How to Deal with the Challenges of a Growing Church

A growing church is both a tremendous blessing and significant challenge. At Redemption Church Gateway, we’ve grown by more than 25% since last year, and are feeling the thrill of meeting new people–many of whom are unchurched–while also feeling the challenge of more crowding, more anonymity, and more “who are all these people?” Additionally, the only people who like really big, crowded churches are usually pastors.

Challenges of a Growing Church

So how do you help your people and leaders embrace the challenges of a growing church?

Leading With Grace in a Growing Church

Here are some things I’ve shared with our church leaders about how to lead graciously in light of the growth we’ve seen and hope to continue to see.

1. Accept that size is an important factor that shapes our church.

‘One of the most common reasons for pastoral leadership mistakes is blindness to the significance of church size. Size has an enormous impact on how a church functions. There is a “size culture” that profoundly affects how decisions are made, how relationships flow, how effectiveness is evaluated, and what ministers, staff, and lay leaders do…A large church is not simply a bigger version of a small church. The difference in communication, community formation, and decision-making processes are so great that the leadership skills required in each are of almost completely different orders.’ (Timothy Keller, “Leadership & Church Size Dynamics”)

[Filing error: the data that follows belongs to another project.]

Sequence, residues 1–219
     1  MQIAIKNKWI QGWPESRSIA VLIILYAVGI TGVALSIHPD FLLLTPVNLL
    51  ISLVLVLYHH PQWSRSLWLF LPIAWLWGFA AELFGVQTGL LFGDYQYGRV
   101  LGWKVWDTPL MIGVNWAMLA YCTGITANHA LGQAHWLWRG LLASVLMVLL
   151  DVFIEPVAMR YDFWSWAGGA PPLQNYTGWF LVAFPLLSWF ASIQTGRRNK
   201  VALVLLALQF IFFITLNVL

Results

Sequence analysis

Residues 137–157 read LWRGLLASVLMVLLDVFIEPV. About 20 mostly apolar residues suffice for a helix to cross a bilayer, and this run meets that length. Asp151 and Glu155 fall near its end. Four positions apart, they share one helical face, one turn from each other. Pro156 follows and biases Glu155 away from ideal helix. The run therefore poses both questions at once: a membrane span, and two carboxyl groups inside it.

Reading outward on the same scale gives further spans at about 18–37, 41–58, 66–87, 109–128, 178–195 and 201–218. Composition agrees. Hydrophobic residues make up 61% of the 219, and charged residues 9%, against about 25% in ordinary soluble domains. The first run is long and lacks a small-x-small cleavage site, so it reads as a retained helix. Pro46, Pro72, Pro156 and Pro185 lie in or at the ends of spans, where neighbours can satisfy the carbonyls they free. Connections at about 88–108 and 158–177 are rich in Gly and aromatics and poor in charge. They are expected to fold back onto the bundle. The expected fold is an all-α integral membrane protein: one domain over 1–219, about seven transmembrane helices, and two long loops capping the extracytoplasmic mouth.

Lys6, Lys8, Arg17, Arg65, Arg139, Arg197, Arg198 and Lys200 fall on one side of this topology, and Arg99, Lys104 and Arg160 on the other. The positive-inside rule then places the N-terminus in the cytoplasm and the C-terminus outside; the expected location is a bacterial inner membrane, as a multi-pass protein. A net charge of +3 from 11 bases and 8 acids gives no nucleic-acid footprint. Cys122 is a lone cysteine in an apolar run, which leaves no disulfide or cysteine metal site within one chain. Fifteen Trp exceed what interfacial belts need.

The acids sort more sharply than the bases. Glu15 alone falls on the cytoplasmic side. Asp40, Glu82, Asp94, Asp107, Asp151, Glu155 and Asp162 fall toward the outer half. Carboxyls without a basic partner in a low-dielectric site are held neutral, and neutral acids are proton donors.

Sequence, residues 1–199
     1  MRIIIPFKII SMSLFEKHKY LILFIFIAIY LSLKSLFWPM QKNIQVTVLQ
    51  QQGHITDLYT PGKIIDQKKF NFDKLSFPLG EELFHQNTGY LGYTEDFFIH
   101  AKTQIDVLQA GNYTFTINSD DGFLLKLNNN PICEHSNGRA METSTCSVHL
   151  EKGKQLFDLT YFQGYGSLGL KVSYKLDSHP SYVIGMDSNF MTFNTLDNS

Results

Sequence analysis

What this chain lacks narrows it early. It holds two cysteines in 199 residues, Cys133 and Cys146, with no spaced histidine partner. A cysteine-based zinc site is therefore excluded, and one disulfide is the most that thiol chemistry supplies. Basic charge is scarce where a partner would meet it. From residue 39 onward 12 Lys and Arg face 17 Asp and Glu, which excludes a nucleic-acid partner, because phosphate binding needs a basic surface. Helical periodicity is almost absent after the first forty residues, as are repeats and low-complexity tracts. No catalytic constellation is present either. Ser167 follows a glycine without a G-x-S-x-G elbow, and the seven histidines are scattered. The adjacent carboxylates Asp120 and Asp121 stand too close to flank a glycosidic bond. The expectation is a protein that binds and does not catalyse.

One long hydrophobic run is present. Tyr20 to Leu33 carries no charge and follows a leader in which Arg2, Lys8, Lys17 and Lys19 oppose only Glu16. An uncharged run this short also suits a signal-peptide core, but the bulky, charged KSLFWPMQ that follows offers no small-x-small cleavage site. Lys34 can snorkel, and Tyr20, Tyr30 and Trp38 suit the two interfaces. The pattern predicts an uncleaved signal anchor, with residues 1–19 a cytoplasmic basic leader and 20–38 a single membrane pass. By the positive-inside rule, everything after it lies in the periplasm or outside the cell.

2. We want to grow numerically because we love when God transforms people.

  • The Bible records numbers (Acts 2:41, 4:4).
  • Every number represents a person with a story.
  • Therefore, we care about numbers:
      • The number of lives that Jesus can permeate and penetrate with the gospel.
      • The number of marriages that can be restored.
      • The number of teenagers following the Lord.
      • The number of depressed people that can find hope in Jesus.
      • The number of dads who didn’t give their kids any attention who now order their lives by the Word of God and start prioritizing their families.
  • We will not put a cap on the number of people God can reach through our ministry, as Heaven will be filled with a great multitude (Rev 7:9-10).
  • We do not care about numbers more than Jesus, sound doctrine, church health, spiritual growth, church planting, or pursuing personal holiness.